Liquidated damages clauses are nothing new to those working within the construction industry, and I suspect we all think we have a fairly good understanding of how they operate; if a contractor is slow to complete the contractual works then, unless it is entitled to an extension of time, the applicable liquidated damages clause will kick in so as to compensate the employer for the contractor’s delays… right?
But what happens if the contract is terminated?
Until recently, the accepted wisdom within the industry was that liquidated damages would cease to be payable from the date of termination (unless there was a special clause extending the liquidated damages provision even though the work had been taken out of the contractor’s hands). The employer’s right after the date of termination would be to recover general damages (the difference being that liquidated damages simply provide for a specific sum to be paid, regardless of the actual losses, whereas general damages are calculated by reference to the actual losses incurred).
The recent decision of the Court of Appeal in the case of Triple Point Technology Inc v PTT Public Company Limited has provided us with a new perspective.
Triple Point was engaged to supply a software system to PTT. Payment of the contract price was to be made according to agreed payment milestones and a liquidated damages clause was incorporated such that Triple Point would be penalised for failing to complete the works by an agreed date.
Triple Point was slow to progress the works, yet demanded payments notwithstanding that payment milestones had not been achieved. Unsurprisingly, PTT refused to pay, citing the contractual payment milestones. Triple Point suspended works and PTT eventually terminated the contract.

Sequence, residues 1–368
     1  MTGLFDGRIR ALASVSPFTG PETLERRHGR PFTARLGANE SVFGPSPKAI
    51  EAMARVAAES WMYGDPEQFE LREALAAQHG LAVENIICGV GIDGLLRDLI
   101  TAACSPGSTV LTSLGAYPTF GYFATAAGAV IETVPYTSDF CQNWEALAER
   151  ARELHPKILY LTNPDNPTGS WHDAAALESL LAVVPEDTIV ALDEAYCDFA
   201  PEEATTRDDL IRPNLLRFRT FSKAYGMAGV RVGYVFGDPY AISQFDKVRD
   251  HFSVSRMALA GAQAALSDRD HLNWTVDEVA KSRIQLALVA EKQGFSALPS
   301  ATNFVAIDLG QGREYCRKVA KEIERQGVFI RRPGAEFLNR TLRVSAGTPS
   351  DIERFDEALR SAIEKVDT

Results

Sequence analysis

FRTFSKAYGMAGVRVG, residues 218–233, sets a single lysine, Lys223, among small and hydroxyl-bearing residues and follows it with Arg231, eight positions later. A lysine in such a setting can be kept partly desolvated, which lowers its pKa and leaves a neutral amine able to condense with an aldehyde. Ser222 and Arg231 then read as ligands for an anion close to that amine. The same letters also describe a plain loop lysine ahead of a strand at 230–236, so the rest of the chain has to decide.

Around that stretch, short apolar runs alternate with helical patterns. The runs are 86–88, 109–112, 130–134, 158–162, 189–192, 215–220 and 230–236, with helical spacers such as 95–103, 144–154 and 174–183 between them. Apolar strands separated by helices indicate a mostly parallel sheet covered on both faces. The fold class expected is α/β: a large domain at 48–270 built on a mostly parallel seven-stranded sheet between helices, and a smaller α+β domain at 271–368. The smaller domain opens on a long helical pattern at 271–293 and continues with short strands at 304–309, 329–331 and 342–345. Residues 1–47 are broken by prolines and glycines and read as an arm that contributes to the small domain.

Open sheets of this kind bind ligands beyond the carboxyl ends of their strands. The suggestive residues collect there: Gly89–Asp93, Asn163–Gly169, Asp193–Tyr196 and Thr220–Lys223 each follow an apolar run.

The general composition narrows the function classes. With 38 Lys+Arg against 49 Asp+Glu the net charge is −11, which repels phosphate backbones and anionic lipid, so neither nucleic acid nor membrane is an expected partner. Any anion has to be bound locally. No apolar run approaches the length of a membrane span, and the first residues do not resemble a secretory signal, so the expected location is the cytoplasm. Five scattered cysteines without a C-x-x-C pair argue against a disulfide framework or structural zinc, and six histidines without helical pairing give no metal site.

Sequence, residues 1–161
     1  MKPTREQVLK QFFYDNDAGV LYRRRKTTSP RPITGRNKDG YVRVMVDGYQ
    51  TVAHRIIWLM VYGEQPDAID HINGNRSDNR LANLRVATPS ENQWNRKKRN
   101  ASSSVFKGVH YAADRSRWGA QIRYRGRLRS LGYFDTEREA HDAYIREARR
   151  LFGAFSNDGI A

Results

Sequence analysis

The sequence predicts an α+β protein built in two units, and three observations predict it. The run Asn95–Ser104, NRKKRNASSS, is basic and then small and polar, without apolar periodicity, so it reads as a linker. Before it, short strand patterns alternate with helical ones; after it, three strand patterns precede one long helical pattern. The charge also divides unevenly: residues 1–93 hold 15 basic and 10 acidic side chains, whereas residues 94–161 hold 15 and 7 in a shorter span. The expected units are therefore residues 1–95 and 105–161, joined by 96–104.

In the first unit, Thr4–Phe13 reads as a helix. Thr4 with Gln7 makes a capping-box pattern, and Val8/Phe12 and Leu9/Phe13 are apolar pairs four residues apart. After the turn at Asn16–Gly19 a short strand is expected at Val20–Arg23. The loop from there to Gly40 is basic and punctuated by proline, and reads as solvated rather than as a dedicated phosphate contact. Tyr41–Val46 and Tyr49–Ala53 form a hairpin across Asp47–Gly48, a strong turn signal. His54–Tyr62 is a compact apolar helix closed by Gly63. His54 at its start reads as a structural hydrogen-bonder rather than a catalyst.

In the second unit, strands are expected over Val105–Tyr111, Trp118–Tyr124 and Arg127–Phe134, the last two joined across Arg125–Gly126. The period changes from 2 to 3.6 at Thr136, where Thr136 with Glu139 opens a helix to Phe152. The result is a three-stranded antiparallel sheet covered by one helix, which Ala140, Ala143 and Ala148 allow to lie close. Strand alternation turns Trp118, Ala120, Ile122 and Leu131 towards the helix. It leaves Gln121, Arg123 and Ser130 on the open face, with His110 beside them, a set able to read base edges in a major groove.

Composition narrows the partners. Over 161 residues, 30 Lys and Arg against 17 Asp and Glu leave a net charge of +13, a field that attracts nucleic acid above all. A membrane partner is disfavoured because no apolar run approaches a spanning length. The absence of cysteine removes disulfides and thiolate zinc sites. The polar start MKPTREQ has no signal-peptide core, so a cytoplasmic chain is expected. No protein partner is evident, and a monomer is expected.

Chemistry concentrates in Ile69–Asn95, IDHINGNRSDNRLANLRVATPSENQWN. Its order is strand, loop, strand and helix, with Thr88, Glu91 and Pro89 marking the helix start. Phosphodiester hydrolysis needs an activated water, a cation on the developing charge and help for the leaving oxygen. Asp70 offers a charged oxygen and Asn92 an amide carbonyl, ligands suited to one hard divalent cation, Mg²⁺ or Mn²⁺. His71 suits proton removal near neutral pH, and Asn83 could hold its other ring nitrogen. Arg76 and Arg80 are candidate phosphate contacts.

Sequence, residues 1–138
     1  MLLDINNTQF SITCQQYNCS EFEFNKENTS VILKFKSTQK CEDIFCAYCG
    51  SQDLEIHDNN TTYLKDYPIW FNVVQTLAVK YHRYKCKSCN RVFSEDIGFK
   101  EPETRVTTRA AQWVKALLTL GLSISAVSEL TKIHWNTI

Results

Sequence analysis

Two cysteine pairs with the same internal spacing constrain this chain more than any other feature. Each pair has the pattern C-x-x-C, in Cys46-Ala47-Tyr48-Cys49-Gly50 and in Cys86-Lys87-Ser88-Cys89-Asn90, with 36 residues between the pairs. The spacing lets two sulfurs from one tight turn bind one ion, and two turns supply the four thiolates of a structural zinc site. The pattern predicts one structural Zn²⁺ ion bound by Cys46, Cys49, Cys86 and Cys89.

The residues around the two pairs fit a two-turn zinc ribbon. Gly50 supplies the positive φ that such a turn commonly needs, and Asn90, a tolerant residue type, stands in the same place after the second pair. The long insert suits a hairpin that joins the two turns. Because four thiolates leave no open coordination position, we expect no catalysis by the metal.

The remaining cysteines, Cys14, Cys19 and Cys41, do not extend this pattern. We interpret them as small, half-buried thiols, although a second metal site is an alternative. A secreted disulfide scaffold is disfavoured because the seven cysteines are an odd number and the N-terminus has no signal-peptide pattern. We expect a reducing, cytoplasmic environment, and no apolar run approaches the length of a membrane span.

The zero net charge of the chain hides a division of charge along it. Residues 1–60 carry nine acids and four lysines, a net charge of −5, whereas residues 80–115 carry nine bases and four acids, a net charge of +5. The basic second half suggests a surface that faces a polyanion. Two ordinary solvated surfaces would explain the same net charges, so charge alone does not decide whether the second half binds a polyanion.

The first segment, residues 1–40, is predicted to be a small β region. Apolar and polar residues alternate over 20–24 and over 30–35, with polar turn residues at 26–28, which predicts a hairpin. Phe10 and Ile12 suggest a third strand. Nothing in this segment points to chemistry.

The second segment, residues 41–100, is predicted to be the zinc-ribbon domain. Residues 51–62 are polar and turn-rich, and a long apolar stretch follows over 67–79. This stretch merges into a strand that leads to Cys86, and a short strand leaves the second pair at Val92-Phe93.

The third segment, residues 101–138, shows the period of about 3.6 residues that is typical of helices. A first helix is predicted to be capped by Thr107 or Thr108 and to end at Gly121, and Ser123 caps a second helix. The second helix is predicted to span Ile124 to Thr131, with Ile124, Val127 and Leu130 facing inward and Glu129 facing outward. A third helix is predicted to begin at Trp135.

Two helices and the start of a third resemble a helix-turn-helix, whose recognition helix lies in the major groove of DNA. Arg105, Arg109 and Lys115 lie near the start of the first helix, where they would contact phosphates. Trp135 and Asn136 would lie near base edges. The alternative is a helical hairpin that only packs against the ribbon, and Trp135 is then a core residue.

Proceedings were issued. Triple Point claimed payment of unpaid invoices; PTT counterclaimed liquidated damages for delay and damages on termination.
At first instance, Jefford J awarded to PTT, amongst other sums, $3.45 million by way of liquidated damages. Triple Point appealed against that decision on the basis that Phase 1 of the works had not been completed, let alone accepted by PTT.
In giving judgment on the appeal, Sir Rupert Jackson reviewed the case law and identified 3 different approaches that had been taken to liquidated damages in cases where the contractor’s works were incomplete and third parties had been brought in to complete them:
Sir Rupert rightly concluded that the correct approach in any given case will depend on the precise wording of the liquidated damages clause. There was no invariable rule that liquidated damages must be used to compensate an employer for part of its losses. Turning to the facts of Triple Point, Sir Rupert held that the clause in question focussed specifically on delay between the contractual completion date and actual completion; it had no application to a situation where the contractor never actually handed over completed work to the employer.
It is important to note that this did not rule out PTT’s right to recover damages. PTT was entitled to liquidated damages in respect of delays up to the date on which it accepted completed works from Triple Point. Delays beyond that were to be compensated by way of general damages (albeit that they were subject to a cap under the contract).
This case serves as a reminder that liquidated damages clauses need to be carefully drafted, and considered in conjunction with any contractual termination provisions. Liquidated damages clauses can provide a simple mechanism for dealing with potential losses caused by delay. If the clause fails, or only covers part of a period during which losses are incurred, such that the employer’s entitlement is to general damages in the alternative, that places a far greater burden on the employer to demonstrate causation of actual losses, and to provide evidence of quantum.
Further, the case also highlights the need to ensure that any claims for damages following termination are pleaded in broad enough terms to ensure maximum recovery, regardless of what judicial interpretation is ultimately given to any liquidated damages clause.
Posted 16/08/2019 by:
Partner & Head of Litigation Team
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